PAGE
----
Member Login
eNews Signup

Sockeye Math Kenai River Style

July 23rd, 2012

The salmon fisheries in Upper Cook Inlet have always been volatile and contentious, but the 2012 season has raised the bar on “volatile” because of a record low run of late-run king salmon bound back to the Kenai River. The Alaska Department of Fish and Game (ADFG) does not anticipate achieving the minimum objective for spawning escapement of late-run king salmon in the Kenai.

The movement of sockeye salmon from the marine waters of Upper Cook Inlet to the Kenai River is now peaking. The sport fishery for late-run kings is closed for the season. The commercial east side set net fishery is closed through the end of July and the commercial drift fleet is going gangbusters trying to take up the slack in harvest potential on Kenai bound sockeye salmon created by the commercial set net closure. The personal use fishery is now open 24 hours per day until 11:59 p.m. Tuesday, July 31 and the daily bag for the sport fishery has been increased from three to six fish with twelve in possession.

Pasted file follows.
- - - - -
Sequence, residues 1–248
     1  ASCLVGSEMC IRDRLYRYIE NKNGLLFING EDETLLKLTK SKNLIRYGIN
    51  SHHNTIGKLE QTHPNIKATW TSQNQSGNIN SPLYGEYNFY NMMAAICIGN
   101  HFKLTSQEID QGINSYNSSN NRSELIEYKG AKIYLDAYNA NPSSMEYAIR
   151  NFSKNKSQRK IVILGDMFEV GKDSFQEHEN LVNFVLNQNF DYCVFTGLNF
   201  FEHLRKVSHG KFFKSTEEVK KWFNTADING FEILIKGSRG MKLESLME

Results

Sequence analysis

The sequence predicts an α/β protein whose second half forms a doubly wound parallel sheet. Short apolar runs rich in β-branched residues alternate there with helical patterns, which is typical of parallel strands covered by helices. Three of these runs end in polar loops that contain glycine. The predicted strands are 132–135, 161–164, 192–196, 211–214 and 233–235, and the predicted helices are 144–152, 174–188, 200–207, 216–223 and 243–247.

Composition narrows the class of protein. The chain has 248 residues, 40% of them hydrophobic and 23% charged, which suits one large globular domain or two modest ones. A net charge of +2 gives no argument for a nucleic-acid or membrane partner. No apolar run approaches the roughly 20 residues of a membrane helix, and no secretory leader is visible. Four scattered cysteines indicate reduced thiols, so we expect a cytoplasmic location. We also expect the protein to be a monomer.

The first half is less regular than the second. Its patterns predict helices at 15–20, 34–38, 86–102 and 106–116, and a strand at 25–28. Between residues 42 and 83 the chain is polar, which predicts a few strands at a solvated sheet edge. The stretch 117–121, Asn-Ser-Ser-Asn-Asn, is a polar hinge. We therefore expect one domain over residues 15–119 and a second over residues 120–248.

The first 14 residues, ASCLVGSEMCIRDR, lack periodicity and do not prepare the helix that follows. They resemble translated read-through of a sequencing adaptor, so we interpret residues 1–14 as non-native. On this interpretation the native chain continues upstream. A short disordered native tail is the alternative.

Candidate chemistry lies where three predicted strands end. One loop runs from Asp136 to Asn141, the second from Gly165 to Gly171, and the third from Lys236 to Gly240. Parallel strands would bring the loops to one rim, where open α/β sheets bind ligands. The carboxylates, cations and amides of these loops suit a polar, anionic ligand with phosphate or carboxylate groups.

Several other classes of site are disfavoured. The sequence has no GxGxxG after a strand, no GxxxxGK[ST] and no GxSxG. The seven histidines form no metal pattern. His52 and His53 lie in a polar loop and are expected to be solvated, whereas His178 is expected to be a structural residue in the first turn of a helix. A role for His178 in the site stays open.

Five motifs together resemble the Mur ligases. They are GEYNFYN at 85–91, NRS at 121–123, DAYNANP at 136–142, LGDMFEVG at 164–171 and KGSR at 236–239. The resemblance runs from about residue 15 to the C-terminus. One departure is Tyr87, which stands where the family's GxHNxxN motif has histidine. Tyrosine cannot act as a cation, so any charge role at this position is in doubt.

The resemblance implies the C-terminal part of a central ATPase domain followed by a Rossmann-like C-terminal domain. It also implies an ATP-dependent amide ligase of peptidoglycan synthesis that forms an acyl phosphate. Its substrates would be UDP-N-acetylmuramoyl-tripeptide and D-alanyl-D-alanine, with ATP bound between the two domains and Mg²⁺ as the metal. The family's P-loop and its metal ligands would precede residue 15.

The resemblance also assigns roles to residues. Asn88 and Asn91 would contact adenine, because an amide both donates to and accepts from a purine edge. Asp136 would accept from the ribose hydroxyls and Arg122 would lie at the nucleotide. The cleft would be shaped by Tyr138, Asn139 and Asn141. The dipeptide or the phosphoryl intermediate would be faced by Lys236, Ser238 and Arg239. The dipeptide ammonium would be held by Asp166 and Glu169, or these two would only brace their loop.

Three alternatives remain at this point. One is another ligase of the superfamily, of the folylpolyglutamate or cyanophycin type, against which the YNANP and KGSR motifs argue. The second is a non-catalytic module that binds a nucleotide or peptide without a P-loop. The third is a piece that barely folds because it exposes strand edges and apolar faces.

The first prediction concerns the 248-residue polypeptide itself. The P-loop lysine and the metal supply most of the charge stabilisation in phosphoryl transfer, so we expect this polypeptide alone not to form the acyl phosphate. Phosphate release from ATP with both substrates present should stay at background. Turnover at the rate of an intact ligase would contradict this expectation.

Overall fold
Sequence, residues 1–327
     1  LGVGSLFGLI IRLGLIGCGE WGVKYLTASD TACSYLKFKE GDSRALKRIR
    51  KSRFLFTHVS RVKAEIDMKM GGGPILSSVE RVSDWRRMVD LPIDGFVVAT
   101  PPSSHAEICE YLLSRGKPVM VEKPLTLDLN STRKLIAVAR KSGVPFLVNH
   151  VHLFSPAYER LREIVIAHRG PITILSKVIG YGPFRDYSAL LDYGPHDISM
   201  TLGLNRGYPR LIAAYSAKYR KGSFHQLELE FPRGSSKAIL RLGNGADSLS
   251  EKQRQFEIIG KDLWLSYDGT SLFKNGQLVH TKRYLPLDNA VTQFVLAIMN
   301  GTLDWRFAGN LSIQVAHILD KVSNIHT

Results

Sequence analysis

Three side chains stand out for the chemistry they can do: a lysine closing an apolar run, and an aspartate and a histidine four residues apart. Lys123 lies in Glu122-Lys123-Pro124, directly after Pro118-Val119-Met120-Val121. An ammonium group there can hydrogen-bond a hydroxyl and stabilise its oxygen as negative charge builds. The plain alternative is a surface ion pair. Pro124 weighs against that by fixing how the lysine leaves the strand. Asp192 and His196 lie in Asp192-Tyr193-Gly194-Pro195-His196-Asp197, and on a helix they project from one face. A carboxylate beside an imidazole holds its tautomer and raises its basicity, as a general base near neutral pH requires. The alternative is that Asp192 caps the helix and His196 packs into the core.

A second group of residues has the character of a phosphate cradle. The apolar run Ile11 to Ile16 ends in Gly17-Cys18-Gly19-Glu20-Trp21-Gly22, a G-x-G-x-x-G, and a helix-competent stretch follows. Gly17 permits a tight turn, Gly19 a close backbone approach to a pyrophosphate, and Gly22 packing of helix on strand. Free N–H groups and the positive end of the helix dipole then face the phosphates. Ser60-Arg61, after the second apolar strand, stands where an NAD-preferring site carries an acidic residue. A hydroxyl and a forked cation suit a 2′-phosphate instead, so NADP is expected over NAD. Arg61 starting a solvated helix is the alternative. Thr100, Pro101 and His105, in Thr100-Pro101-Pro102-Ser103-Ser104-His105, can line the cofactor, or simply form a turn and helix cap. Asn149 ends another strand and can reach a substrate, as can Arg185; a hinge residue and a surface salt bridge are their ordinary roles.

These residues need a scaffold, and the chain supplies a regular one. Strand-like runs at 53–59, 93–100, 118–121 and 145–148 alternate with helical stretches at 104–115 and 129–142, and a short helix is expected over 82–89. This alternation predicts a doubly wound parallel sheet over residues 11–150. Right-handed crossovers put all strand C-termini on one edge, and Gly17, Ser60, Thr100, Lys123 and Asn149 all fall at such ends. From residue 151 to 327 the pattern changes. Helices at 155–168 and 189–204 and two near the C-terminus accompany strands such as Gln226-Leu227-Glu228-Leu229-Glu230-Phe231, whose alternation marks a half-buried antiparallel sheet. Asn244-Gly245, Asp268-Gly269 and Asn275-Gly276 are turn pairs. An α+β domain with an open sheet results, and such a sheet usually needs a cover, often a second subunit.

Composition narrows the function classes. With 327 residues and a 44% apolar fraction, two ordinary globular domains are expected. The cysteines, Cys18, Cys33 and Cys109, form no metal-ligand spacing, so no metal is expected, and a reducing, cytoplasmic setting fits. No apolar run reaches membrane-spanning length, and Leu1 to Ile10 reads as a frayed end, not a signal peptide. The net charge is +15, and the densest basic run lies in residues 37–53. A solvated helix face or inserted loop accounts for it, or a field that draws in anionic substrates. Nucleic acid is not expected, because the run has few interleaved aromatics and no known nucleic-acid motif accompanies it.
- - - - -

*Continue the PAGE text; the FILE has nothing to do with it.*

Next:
We are going to hear a lot of numbers in the coming few days as the sockeye run makes its move toward the rivers. To have a basic understanding of what is going on it is important to know what the numbers refer to and which has the most bearing on management decisions.

Sockeye salmon are counted in the Kenai River at River Mile 19 with a Didson sonar unit similar to the experimental Didson unit (located at River Mile 8.6) used to assess king salmon abundance. The Kenai River Late-run Sockeye Salmon Management Plan states that the commercial, sport, and personal use fisheries shall be managed to meet an optimal escapement goal (OEG) of 700,000 to 1,400,000 late-run sockeye salmon. Additionally, the plan directs ADFG to achieve in-river goals as established by the Alaska Board of Fisheries (BOF) as measured at the sonar counter , and also distribute the escapement of sockeye salmon evenly within the OEG range, in proportion to the run size.